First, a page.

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Russian rouble little changed post-Fed; focus on Putin speech

MOSCOW: Russia’s rouble was little changed early on Thursday after the Federal Reserve raised rates as expected, and attention switched to Vladimir Putin’s annual news conference for clues on the leader’s thinking on the economy, the Syria crisis and Ukraine.
At 0740 GMT, the rouble was 0.1 percent weaker against the dollar at 70.48 but had gained 0.4 percent to trade at 76.50 versus the euro.
Its reaction was also muted late on Wednesday, when the Fed announced its 25-basis-point increase, in line with market expectations.
“The rouble remains moderately attractive in the context of high domestic interest rates,” analysts at Rosbank said in a note. “But it will of course trade with an eye on oil prices.”
Last week Russia held rates at 11 percent, bowing to inflation risks.
On Thursday, the Russian currency was supported by forex sales ahead of upcoming tax payments to the state budget but pressured by lingering oil price weakness.

Brent crude oil, a global benchmark for Russia’s main export, was down 0.3 percent at $37.3 a barrel, not far off multi-year lows touched earlier in the week.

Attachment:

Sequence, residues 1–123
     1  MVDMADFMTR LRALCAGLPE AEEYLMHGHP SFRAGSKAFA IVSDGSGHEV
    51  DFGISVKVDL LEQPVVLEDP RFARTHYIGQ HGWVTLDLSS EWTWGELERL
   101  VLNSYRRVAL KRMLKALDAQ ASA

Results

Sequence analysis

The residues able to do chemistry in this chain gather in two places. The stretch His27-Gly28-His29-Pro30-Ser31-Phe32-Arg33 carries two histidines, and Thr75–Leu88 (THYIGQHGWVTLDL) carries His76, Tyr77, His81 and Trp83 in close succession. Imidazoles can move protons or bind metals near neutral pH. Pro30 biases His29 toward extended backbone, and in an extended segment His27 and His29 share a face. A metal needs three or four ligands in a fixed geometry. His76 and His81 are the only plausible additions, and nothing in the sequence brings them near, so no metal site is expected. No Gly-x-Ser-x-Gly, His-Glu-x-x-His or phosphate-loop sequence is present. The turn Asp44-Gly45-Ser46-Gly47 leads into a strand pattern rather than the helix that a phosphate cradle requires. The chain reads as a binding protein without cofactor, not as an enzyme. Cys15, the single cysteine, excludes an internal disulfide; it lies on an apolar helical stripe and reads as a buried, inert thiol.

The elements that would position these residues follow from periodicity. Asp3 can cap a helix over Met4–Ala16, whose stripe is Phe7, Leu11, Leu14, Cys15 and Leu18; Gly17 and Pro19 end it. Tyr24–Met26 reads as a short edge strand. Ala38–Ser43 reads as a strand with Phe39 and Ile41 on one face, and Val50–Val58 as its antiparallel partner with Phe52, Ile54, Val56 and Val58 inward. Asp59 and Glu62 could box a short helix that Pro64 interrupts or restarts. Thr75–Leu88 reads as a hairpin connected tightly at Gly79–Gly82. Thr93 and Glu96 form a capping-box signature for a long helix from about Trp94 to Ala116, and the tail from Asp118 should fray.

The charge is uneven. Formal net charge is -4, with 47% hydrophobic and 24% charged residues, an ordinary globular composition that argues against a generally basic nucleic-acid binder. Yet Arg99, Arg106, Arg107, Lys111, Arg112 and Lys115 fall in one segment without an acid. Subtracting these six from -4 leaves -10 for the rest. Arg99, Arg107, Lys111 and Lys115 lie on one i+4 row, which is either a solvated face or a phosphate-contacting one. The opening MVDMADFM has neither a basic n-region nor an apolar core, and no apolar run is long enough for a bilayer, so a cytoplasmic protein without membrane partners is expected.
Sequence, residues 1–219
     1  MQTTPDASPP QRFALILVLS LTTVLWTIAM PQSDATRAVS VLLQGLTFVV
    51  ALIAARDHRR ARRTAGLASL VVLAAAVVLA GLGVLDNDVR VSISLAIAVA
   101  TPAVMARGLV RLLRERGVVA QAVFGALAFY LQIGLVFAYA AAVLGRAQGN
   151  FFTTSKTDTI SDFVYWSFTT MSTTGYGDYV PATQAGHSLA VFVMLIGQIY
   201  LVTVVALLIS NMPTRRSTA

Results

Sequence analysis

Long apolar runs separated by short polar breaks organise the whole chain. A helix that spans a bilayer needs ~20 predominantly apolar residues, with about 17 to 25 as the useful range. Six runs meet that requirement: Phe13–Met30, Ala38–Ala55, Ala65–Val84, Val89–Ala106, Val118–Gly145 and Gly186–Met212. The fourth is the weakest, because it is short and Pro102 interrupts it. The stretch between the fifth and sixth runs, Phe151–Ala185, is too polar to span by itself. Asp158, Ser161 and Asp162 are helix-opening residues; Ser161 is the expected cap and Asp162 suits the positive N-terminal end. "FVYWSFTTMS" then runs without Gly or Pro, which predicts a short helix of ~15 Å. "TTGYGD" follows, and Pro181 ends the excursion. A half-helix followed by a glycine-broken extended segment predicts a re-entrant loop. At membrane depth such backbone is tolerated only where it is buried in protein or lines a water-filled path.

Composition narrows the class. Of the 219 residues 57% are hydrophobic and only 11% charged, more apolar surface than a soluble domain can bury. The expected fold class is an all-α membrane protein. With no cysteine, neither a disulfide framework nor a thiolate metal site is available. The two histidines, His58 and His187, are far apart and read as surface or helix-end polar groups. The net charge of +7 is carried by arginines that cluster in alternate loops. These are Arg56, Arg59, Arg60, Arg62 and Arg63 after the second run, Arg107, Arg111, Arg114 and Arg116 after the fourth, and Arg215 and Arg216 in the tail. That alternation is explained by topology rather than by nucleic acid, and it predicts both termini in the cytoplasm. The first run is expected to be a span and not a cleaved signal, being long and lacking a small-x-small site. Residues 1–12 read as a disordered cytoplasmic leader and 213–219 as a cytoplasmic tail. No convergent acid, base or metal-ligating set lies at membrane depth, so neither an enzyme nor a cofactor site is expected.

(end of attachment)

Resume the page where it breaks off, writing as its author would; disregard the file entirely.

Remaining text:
Putin’s news conference is set to begin around 0900 GMT. In past years it has been a marathon affair, lasting several hours and touching on a range of domestic and international issues.
Investors are likely to focus this year on the president’s message on Ukraine and Syria, two conflicts over which Russia has clashed with the West.
Other important issues are Russia’s standoff with Turkey over the downing of a Russian warplane near the Turkish-Syrian border and the Russian economy, which is set for its deepest slump in 2015 since the global financial crisis.

Russian share indexes moved higher early on Thursday, in line with moves on global markets.
The dollar-denominated RTS index was up 1 percent to 793 points, while its rouble-based peer MICEX traded 1.1 percent higher at 1,774 points.

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